The lessons learned from last year's many debacles are leading President Barack Obama to invoke more executive authority this year and rally public support for his agenda, The Washington Post reports.
Obama's declaration earlier this month — “I’ve got a pen, and … I’ve got a phone” — epitomizes this new strategy, which includes bypassing Congress to implement programs, the Post reports
"The problem for us is that the test of our success became what we passed in Congress, and even in the best case — if the fever had broken and the clouds had parted — we still would have only gotten maybe 40 percent of what we wanted," one senior White House official told the Post.
"The political discussion, the press, the politicians want to pull the president into the role of prime minister," added the official, whom the Post did not name. "So you have to swerve really hard to the executive powers at a time like this."
According to the report, an internal review of Obama's failures last year — from Obamacare to sequestration to Iran to the 16-day government shutdown that cost American taxpayers $1.4 billion — led the White House to conclude that the president "too often governed more like a prime minister than a president.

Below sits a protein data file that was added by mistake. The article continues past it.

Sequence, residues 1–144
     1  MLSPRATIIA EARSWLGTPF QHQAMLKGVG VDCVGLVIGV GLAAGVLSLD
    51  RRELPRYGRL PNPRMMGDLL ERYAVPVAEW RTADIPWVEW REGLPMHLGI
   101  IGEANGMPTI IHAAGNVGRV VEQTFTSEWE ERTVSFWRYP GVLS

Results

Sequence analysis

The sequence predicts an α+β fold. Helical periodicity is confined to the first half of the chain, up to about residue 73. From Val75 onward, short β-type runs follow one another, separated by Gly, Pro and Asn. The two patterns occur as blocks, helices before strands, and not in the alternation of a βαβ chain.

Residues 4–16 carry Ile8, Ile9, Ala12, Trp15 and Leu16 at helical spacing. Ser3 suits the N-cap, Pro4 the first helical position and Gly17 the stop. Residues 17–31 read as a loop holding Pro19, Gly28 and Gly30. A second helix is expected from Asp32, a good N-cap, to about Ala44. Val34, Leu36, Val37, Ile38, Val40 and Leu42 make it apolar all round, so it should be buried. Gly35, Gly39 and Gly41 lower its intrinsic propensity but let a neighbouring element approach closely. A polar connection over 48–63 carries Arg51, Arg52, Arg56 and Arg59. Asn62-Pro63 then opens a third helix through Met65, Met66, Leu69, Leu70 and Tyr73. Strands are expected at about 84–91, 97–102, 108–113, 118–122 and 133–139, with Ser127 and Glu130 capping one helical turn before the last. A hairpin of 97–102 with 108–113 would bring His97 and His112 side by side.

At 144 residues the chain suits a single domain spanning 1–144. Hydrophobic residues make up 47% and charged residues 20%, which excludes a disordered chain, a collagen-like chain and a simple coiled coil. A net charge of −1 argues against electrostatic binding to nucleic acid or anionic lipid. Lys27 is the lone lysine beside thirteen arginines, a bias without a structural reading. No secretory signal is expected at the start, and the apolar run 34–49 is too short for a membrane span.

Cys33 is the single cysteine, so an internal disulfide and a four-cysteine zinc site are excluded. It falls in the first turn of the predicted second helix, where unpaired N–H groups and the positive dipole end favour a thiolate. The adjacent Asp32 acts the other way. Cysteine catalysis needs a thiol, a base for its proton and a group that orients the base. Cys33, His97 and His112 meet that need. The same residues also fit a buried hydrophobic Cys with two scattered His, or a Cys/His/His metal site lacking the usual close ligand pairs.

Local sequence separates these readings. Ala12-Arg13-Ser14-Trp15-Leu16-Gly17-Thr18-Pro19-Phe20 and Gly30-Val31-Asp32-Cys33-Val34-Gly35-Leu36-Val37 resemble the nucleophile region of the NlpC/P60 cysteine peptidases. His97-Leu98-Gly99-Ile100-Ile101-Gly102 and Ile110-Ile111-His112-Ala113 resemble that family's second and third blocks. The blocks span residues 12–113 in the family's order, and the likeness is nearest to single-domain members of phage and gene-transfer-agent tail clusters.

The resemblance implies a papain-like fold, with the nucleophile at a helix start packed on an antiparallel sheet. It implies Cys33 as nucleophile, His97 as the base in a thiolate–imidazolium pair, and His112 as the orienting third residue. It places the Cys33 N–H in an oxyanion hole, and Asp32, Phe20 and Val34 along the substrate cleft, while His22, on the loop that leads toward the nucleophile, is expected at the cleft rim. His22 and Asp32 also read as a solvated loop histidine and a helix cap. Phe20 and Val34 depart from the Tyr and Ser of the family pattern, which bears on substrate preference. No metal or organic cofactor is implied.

"In a parliamentary system, a prime minister is elected by lawmakers and thus beholden to them in ways a president is not," the report noted.
Obama will kick off his new agenda in his State of the Union address on Tuesday.
“A State of the Union creates a contract with the public about what you say and what you will do,” John Podesta, who returned to the White House this month to counsel the administration on various issues, told the Post.
was former President Bill Clinton's chief of staff. Since leaving government, he founded the Center for American Progress, a liberal-leaning think tank with close ties to the White House. The center focuses on income inequality and economic opportunity.
“In that sense it is like a campaign, and it disciplines the priorities of the White House by creating an operation manual for the year ahead,” Podesta said. “It is certainly in that spirit we are approaching this year’s State of the Union.”
According to the Post, the Obama post-mortem stemmed from a three-page memo by senior adviser Dan Pfeiffer — concluding that Obama's effectiveness last year was based too much on his relations with Congress, which were not positive.
“Looking at the last year from outside, a lot of it was the president in battle with a dysfunctional Congress,” Podesta told the Post. “Our task is to remember that Harry Reid is the majority leader, not the president,” and allow him to manage Democratic priorities in the Senate.
Reid is the Democratic senator from Nevada.
But the president will work with Congress on some issues, including immigration reform, the Post reports, since it is an issue that jeopardizes Republicans with Hispanics.
Regardless, though, "the pen and the phone" will be Obama's watchwords for this year, according to the report. The president told his first Cabinet meeting of the year that he would use executive authority
to implement his economic agenda.
Obama also will spend more outside Washington seeking public support for his efforts.
“Engaging the public on how to improve our communities is a very important feature of the modern presidency,” Podesta told the Post.
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